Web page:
The thing I don’t get is why it seems that virtually all “experts” leagues still draft rotisserie league. You want to impress me as an expert? Win a league against other experts where you can’t just set and forget (h/t Ron Popeil) your roster. Yahoo says that H2H is more popular, if the experts exist to provide advice, one would think they would do it in the most popular format. Or perhaps fantasy writers are falling prey to the pretensions and snobbery of the dreaded MSM?

  16. Jacob W said...

    Drafting a good team then leaving them alone all year and still winning is a possiblity in both formats if the league is weak. Ive see it happen in a weak H2H basketball league. If the league is a good league then both formats can be challenging and a test of good managing skills, I just think that roto leaves less to luck and more to your body of work all year.

  17. Derek Ambrosino said...

    J-Roth,

    I really just don’t follow any of your logic. This early hot streak argument is a canard, Stats are stats and they come all throughout the year, you need a lot of them to win and just as the Blue Jays hot start last season wasn’t enough to compensate for their overall mediocre play (4th place finish), the Tino Martinez May 2005-s and Chris Shelton April 2006-es don’t win leagues.  Hot streaks affecting the standings are traits of small sample sizes – and that’s a trait of H2H leagues, not roto leagues.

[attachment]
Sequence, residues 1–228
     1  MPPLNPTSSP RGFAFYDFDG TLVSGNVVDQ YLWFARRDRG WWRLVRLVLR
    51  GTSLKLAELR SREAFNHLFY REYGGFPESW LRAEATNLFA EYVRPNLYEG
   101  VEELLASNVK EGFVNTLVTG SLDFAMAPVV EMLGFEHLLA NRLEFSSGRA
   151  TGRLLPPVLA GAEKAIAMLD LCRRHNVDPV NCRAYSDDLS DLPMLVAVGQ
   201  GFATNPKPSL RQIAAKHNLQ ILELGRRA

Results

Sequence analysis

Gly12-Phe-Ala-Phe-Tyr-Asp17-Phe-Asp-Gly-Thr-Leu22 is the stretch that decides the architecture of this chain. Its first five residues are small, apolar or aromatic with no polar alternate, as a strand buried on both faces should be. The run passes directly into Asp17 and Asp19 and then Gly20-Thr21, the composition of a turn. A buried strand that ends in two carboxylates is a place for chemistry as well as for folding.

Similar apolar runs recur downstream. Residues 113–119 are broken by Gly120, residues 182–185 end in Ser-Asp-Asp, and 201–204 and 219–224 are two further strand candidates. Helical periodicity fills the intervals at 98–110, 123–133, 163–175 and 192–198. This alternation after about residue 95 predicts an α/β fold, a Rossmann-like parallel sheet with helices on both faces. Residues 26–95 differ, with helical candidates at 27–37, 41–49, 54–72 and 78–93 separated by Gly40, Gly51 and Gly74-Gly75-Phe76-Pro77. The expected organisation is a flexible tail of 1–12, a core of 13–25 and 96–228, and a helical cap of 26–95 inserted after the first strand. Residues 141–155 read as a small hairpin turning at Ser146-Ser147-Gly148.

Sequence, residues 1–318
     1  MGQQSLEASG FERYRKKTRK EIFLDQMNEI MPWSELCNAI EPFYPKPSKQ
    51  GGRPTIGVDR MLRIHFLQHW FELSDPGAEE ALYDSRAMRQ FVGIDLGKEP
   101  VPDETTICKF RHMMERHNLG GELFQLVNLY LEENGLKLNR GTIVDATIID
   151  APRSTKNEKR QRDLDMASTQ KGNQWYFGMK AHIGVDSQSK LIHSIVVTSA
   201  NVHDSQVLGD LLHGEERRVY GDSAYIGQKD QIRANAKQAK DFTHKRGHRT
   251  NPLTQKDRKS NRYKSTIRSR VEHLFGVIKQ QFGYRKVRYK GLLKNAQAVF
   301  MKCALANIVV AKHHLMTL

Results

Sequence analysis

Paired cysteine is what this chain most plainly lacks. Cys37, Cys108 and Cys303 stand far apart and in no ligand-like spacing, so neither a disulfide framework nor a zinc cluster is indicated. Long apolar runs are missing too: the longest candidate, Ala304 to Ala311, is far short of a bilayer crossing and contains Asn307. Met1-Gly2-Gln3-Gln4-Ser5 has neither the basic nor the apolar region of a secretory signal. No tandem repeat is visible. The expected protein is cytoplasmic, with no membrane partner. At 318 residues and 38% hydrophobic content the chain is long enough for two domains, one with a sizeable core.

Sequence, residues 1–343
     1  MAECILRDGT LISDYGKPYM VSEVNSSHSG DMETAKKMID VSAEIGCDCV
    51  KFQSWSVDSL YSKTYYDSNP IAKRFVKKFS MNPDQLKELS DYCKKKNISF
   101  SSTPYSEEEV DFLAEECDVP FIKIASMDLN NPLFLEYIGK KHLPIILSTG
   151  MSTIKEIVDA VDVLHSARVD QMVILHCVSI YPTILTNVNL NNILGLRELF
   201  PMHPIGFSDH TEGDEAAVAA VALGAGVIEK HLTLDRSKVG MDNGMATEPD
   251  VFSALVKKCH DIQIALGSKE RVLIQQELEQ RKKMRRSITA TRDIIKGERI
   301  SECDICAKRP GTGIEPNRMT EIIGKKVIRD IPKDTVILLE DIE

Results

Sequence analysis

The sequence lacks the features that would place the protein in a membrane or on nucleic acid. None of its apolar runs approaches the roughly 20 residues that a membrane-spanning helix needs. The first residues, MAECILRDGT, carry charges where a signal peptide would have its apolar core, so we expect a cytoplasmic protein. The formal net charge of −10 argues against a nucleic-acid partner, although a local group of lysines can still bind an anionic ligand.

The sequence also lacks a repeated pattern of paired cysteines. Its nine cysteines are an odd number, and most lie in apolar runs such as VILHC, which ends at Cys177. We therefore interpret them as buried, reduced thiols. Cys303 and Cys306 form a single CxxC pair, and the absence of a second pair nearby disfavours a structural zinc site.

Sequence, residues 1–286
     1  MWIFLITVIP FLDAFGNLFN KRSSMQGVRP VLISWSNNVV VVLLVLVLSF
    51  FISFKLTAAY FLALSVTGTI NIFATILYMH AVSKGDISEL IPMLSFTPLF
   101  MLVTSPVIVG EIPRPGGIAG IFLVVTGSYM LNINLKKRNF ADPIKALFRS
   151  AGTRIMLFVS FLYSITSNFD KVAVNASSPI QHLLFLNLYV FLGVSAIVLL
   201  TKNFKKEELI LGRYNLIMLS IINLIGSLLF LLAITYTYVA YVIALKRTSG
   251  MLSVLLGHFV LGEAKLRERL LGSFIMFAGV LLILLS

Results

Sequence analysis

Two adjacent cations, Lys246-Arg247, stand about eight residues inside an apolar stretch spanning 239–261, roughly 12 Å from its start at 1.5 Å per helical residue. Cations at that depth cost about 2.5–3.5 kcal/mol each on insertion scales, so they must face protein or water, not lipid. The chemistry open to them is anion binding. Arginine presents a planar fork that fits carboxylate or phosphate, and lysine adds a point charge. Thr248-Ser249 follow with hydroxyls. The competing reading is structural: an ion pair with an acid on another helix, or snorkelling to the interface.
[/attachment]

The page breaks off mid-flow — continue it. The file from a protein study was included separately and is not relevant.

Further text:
Also, there’s something of an ironic paradox about the notion of direct competition through the lens of a virtual team. Further, it’s just as legitimate to conclude that through roto you are competing against everybody every day rather than just one team. To “win” a week in roto, you have to beat all the teams, not just the one you happen to play.

    But, perhaps my biggest peeve about H2H leagues is the way the sample sizes alter the value of pitchers week-to-week. I’m sorry, but I prefer a league in which I’d rather have Dan Haren than A.J. Burnett every week, not just most weeks. I prefer a league in which a coastal thunderstorm can’t be the cause of my team losing three pitching categories.